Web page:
Christian service is the exercise of those spiritual gifts given to us by the Spirit of God (Rom. 12:6-8; 1 Cor. 12-14; Eph. 4:4-16). A spiritual gift is a God-given ability to serve others. Every believer is given at least one gift. While some are limited, there are three gifts which many saints possess – ministering, giving and showing mercy. Our spiritual gifts must be used not for self, but for the good of others. Any service which is not an exercise of our spiritual gifts is most likely an activity of self (Rom. 12:3-5).

6. With Christ
The phrase “with Christ” is used to indicate our fellowship with Him. Christians are “heirs of God, and joint heirs with Christ” (Rom. 8:17). At the time of our conversion we “died with Christ” (Col. 2:20) and rosewith Him: “If then you were raised with Christ, seek those things which are above, where Christ is … For you died, and your life is hidden with Christ in God” (Col. 3:1,3). To walk with Christ is to have fellowship with Him.

Christians are “called into the fellowship of His Son, Jesus Christ our Lord” (1 Cor. 1:9). John tells us that our communion with God and Christ must be in the light. “If we say that we have fellowship with Him, and walk in darkness, we lie and do not practice the truth. But if we walk in the light as He is in the light, we have fellowship with one another” (1 Jn. 1:6-7). To walk in darkness is to follow a course of sin and live an unholy life. The most prominent properties of light are its transparency and translucency. Light speaks of openness, authenticity, clarity and reality. Light is the naked truth; it exposes things. To walk in light is to have a godly life without deception, insincerity, hypocrisy or disobedience. It is only as we walk with Christ in the light that we have fellowship with Him.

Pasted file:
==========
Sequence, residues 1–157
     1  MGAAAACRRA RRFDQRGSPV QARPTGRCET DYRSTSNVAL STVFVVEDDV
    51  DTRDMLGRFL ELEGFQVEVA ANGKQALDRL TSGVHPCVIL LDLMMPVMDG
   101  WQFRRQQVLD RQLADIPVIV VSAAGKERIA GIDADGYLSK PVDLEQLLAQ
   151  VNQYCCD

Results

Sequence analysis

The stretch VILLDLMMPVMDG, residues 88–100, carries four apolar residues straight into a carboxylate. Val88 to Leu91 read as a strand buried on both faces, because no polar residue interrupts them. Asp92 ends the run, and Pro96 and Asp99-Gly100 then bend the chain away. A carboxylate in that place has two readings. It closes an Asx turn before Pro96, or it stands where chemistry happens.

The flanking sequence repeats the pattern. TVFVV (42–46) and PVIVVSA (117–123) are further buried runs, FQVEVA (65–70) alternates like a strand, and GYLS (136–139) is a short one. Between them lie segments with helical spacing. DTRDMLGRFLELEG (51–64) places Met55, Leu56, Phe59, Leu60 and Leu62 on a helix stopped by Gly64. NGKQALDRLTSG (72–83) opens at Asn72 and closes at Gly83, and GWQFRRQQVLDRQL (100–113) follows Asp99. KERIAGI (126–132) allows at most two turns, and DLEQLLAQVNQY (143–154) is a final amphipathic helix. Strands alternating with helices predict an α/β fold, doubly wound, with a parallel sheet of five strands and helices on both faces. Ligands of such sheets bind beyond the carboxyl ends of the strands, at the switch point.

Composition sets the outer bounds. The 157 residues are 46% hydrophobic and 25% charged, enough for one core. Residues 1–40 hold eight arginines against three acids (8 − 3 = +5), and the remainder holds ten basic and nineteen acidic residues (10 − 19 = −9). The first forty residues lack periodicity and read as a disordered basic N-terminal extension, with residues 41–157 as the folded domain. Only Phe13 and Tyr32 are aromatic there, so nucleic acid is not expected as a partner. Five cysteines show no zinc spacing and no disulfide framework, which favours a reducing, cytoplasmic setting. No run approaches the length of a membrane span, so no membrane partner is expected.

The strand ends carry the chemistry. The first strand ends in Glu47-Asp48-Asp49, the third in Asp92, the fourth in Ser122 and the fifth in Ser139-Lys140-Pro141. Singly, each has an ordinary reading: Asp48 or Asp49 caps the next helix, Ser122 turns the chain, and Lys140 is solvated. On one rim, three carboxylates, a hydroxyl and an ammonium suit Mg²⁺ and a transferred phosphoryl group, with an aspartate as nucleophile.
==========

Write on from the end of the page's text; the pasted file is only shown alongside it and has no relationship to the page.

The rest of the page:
7. To Christ 
The phrase “to Christ” is used to suggest marriage. Paul writes to the Christians in Rome, “Therefore, my brethren, you also have become dead to the Law through the body of Christ, that you may be married to another – to Him who was raised from the dead, that we should bear fruit to God” (Rom. 7:4). And to those in Corinth he writes, “For I am jealous for you with godly jealousy. For I have betrothed you to one husband, that I may present you as a chaste virgin to Christ” (2 Cor. 11:2). At the present time we are engaged to Christ and we shall be actually married to Him when He comes with His saints for the second time (Rev. 19:7-9).

In a wedding, when the vows are spoken married life begins. So also, the soul’s surrender to and acceptance of Christ as Lord is but the beginning of the Christian life. And just as the bride turns her back upon all other lovers and vows to be faithful and obedient to her husband, so the believer disowns all others and promises to be subject to Christ alone (Isa. 26:13). As the purpose of marriage is the production of offspring, so we read that we “may be married to another – to Him … that we should bear fruit to God” (Rom. 7:4).

We can say that all we need for now and for eternity is wrapped up in Christ. We find our sufficiency in Christ in all circumstances. God has made us dependent on His Son in all aspects of the Christian life. In our new life, Christ is our Head in grace (Eph 1:22-23; 2:8); in our emptiness we draw from His fullness, in our weakness we draw from His strength, and in our ignorance we draw from His wisdom. In the next life, Christ our Head will be in glory. We shall see His face and behold His glory. We shall be so engrossed by His glory and so completely occupied by His splendor and loveliness that we shall forget ourselves. Eternity will be too short to exhaust the vision of His glory.

By Maurice Bassali

With permission to publish by: Sam Hadley, Grace & Truth, 210 Chestnut St., Danville, IL., USA. Website: